A week after one long-time member of the N.L. West landed back on the team he began his career with, history now repeats itself. On Saturday, the Atlanta Braves traded outfielder Matt Kemp to the Los Angeles Dodgers for Charlie Culberson, Adrian Gonzalez, Scott Kazmir and Brandon McCarthy. MLB.com's Ken Gurnick first reported the deal.
This trade is entirely a salary gesture for both teams, with different perspectives for both of organizations. In Atlanta's case, the deal frees up significant money long-term. Kemp, 33, is set to make $21.5 million this coming season and $21.5 million in 2018. With Kazmir, Gonzalez and McCarthy all on expiring deals at the end of 2018, Atlanta clears further payroll for the 2019 offseason.
More importantly for Atlanta, this opens up a corner outfield spot for its top prospect. 19-year-old outfielder Ronald Acuna, who ascended from High-A to Triple-A in a single season this year, cemented himself as one of the top prospects in all of baseball.
Across all three levels, Acuna combined for a .325/.374/.522 slash line, .400 wOBA, 155 wRC+, 7.2 Spd, 21 home runs, 44 stolen bases and 31 doubles. With 60-grade speed, 60-grade developmental raw power and a future 60-hit tool, Acuna is one of the most coveted fantasy prospects in all of baseball. Now his status rises even more with the door open for him to start when Opening Day rolls around.
Meanwhile, this move serves as a way to get under the luxury tax for Los Angeles. Los Angeles sends over $52 million in contracts in the deal with McCarthy ($11.5 million, Kazmir ($17.67M) and Gonzalez's ($22.35M) full contract headed to Atlanta. As a result, the Dodgers clear over $30 million off their payroll and slide under the luxury tax. It proved to be especially important since the team racked up additional penalties with five consecutive seasons over the tax threshold.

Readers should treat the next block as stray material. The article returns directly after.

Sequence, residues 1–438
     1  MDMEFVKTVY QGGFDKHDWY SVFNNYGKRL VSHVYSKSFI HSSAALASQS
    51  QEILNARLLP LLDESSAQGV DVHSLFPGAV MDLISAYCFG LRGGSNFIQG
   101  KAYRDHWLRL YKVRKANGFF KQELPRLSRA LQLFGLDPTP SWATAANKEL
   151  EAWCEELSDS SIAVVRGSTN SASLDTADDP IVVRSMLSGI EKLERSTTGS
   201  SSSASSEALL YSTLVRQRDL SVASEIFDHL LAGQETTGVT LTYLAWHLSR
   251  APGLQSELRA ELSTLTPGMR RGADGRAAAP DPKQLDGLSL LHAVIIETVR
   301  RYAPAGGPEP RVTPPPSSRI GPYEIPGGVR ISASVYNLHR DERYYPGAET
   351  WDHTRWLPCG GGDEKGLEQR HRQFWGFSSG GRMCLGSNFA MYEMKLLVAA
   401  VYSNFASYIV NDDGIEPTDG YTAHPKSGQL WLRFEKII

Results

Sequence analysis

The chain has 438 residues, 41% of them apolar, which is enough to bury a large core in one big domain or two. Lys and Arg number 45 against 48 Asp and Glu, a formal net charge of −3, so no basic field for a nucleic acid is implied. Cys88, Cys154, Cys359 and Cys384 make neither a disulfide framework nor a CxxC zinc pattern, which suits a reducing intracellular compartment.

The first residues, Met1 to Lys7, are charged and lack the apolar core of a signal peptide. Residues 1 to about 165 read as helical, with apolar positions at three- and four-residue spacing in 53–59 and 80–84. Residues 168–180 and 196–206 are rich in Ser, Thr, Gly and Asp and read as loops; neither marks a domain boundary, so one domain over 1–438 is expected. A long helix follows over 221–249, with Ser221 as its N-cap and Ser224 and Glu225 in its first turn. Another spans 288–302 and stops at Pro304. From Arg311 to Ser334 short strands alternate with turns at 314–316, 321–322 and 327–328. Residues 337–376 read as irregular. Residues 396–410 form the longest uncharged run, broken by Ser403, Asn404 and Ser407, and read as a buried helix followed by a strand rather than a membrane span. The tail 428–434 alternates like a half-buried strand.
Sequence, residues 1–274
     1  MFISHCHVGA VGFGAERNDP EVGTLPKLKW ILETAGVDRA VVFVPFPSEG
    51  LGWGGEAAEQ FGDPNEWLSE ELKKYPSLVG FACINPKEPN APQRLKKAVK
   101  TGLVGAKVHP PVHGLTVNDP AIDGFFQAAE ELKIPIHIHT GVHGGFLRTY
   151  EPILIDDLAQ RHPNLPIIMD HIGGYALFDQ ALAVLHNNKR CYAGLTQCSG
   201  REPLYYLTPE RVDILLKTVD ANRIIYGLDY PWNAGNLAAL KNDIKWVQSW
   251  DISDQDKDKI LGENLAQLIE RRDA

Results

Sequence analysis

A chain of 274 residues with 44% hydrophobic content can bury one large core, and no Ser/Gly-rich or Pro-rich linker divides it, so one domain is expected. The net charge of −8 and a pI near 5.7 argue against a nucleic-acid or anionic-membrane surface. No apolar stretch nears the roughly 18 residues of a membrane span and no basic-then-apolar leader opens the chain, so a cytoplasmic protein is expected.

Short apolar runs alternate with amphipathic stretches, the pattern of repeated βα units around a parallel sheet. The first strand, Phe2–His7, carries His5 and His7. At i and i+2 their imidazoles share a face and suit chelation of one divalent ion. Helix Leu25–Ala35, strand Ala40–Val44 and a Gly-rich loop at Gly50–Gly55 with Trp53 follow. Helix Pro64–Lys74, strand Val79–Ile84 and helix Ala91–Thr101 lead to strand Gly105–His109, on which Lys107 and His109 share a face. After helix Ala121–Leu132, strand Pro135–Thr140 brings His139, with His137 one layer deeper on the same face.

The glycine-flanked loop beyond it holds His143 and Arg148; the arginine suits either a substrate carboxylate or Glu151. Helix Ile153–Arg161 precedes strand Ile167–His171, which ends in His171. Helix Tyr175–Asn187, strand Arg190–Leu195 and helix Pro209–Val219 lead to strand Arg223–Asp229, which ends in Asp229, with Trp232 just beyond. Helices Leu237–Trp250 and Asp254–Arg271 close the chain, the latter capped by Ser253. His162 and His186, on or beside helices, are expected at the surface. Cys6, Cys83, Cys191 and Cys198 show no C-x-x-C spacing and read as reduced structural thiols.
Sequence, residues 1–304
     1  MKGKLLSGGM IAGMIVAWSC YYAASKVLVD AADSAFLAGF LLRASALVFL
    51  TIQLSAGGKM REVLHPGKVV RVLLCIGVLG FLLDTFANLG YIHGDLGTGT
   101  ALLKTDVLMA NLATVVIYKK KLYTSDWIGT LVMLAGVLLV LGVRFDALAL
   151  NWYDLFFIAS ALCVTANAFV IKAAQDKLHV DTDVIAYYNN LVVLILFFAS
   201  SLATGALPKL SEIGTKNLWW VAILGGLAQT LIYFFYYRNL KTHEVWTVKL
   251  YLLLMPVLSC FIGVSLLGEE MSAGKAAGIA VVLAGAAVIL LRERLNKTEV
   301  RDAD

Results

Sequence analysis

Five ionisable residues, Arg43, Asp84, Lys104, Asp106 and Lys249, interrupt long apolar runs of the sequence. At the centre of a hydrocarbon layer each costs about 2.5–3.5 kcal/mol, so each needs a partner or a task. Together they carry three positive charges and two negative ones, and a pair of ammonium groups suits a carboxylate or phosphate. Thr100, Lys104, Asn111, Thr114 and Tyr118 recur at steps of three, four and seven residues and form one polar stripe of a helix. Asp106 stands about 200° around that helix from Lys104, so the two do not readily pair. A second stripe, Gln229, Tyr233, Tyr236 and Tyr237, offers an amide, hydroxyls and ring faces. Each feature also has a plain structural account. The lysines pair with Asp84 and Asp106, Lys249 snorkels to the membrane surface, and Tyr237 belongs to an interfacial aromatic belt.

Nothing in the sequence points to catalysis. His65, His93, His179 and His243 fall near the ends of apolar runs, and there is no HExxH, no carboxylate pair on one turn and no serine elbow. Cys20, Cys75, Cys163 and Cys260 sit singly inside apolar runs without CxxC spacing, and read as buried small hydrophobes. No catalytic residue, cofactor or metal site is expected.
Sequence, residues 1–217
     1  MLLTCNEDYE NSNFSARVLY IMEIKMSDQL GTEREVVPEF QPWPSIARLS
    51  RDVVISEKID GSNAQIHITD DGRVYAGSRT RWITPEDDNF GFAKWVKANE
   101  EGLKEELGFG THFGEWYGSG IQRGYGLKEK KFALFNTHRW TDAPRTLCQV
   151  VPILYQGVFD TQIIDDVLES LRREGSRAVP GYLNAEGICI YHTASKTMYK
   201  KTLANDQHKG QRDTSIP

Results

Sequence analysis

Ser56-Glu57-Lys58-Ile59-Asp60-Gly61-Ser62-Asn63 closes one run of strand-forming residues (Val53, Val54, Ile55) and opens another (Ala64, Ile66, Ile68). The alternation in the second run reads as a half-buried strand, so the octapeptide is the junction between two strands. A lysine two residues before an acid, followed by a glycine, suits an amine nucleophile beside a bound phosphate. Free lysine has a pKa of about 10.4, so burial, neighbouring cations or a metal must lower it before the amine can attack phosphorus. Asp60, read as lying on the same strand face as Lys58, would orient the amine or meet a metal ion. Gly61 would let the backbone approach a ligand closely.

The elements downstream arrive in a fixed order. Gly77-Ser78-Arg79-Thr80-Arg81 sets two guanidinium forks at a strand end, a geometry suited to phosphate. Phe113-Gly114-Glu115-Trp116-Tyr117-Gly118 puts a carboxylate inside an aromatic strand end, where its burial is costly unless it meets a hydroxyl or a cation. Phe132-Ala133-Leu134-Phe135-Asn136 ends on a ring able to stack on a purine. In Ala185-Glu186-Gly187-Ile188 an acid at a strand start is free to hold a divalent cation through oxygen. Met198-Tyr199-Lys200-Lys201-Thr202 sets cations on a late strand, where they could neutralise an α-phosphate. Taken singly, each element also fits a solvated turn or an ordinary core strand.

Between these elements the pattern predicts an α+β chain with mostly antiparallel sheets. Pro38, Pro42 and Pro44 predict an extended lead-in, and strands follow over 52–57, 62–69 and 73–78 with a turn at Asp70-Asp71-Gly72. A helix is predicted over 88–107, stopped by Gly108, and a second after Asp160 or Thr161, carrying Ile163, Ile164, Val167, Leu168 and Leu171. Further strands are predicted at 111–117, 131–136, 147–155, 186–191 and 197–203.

From a fantasy perspective, there's very little to analyze. Kemp lands in a situation where he'd receive little playing time and ultimately, Los Angeles is probably going to ship him out of town at some point this offseason. Meanwhile, Gonzalez is a free agent and will likely latch onto a team as a part-time player given his decline offensively and frequent durability issues.
Kazmir and McCarthy come with plenty of red flags as well. Kazmir, who turns 34 in January, missed the entire 2017 season with recurring hip issues that only saw him make a few spot starts in A-ball when on rehab appearances. Even before injuries took away his 2017, Kazmir struggled. In 2016, the southpaw posted a 4.56 ERA, 4.48 FIP and 3.43 BB/9 across 26 starts.
McCarthy's track record is similar in regards to injuries. The 34-year-old pitched 92 2/3 innings in 2017, by far the most in his past three seasons with a combined 63 innings pitched between 2014-'15. McCarthy did perform well when healthy in 2017, demonstrated by his 3.98 ERA and 3.28 FIP across 16 starts and three relief appearances.
He could slide into Atlanta's rotation to start the season, though how long the righty would stick given his health concerns, makes him too risky for fantasy owners.